But most of all, Timothy Dwight was patient. He was a beloved classroom professor. He made it a point to personally befriend every student, as much as was possible, until he was known all across the campus as “the young man’s friend.” (Apologies to our female undergraduates, Yale was not co-ed at that time.) In 1802, seven years after he took office, spiritual renewal hit the campus. By 1817 when he died, enrollment had tripled, and the college would be set upon a permanent foundation. Timothy Dwight’s is a story that not only cures us of our nostalgia—it reminds us that great institutions are built by going back to the mission, back to the sources, and bringing these resources into full engagement with the zeitgeist.

But the answer is always, always, always to raise our sights higher, to present this generation with better ideas, ideas that can re-enchant intelligent young people with the convictions that have made Western civilization great in general, and America in particular, exceptional—the engine for human flourishing, liberty, and justice that has been the blessing of the world. We must make that case again.

Isn’t that a crucial part behind the central thesis of Douglas Hyde’s classic 1956 work, Dedication and Leadership? Hyde, who was a one-time high-profile member of the Communist Party in Great Britain and editor of the London Daily Worker, converted to Catholicism and abandoned his former ideology. But he noted that the reason for the growth of Communism in the 1940s and 1950s was that it appealed to young people’s own sense of idealism and righteous indignation. It gave them a cause for which they could sacrifice their lives—which was ironic, because Karl Marx himself shunned all manner of righteous-speak and justice- and morality-talk. And it was also ironic because such topics as justice and mercy and virtue are, ostensibly, the playing field of the Church of the Lord Jesus Christ. But a generation was being lost to the Communist Party because they, as opposed to the church, possessed a clear agenda, a vision, and an identifiable skill set of practices and duties to convey. Did the Church and her institutions? Douglas Hyde was skeptical.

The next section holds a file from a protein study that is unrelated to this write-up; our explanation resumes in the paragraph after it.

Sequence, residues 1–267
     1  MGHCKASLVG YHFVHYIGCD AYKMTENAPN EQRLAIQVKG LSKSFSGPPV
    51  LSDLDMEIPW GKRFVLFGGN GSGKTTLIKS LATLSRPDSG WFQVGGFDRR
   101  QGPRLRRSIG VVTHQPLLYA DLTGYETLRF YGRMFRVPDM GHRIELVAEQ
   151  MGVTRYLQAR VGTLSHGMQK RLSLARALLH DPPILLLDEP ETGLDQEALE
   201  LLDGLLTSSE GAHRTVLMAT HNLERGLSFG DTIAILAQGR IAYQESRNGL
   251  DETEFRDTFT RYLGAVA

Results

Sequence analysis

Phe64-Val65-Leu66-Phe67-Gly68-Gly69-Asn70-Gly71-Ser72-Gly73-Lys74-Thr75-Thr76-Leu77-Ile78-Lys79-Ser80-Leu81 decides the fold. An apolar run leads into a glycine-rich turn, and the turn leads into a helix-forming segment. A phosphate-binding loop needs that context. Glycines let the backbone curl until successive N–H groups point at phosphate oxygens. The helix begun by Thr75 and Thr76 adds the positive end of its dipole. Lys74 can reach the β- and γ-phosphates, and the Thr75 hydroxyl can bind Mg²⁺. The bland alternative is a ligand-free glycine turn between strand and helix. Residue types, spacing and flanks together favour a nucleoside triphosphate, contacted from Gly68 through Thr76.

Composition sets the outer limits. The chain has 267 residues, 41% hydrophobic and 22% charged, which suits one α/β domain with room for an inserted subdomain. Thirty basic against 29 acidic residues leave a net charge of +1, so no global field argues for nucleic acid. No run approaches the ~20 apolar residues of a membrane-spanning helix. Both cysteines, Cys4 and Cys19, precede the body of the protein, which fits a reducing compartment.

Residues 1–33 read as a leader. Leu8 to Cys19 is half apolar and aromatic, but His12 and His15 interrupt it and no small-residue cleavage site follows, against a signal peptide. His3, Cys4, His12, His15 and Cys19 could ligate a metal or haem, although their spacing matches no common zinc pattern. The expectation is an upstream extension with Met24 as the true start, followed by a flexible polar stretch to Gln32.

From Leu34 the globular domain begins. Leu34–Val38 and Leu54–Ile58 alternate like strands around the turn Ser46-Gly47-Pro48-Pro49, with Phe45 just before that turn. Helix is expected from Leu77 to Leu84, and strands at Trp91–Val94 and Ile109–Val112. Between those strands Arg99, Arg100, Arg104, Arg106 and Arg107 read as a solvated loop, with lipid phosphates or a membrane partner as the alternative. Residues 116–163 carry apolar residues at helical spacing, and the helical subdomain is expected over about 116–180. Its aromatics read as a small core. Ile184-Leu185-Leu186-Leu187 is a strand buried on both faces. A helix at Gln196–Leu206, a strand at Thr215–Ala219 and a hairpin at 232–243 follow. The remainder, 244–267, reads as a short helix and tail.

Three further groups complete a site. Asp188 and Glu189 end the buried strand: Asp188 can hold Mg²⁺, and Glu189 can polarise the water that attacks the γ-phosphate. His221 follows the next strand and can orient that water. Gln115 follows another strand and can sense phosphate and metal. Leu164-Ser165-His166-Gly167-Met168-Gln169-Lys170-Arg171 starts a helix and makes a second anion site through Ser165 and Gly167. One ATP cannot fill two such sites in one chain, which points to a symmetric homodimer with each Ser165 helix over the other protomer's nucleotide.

Today, we must learn from the mistakes of the past. Our nation, “a cut-flower civilization,” as D. Elton Trueblood once put it, is the recipient of unprecedented comfort and ease—be the change you want to see? Can’t we outsource that? That seems to be sort of the unstated assumption of our times. We are comfortable, as Professor George said, all too comfortable. By way of contrast, we clearly see that the way of Jesus, as we have heard today, is one of sacrifice, dedication, and discipleship.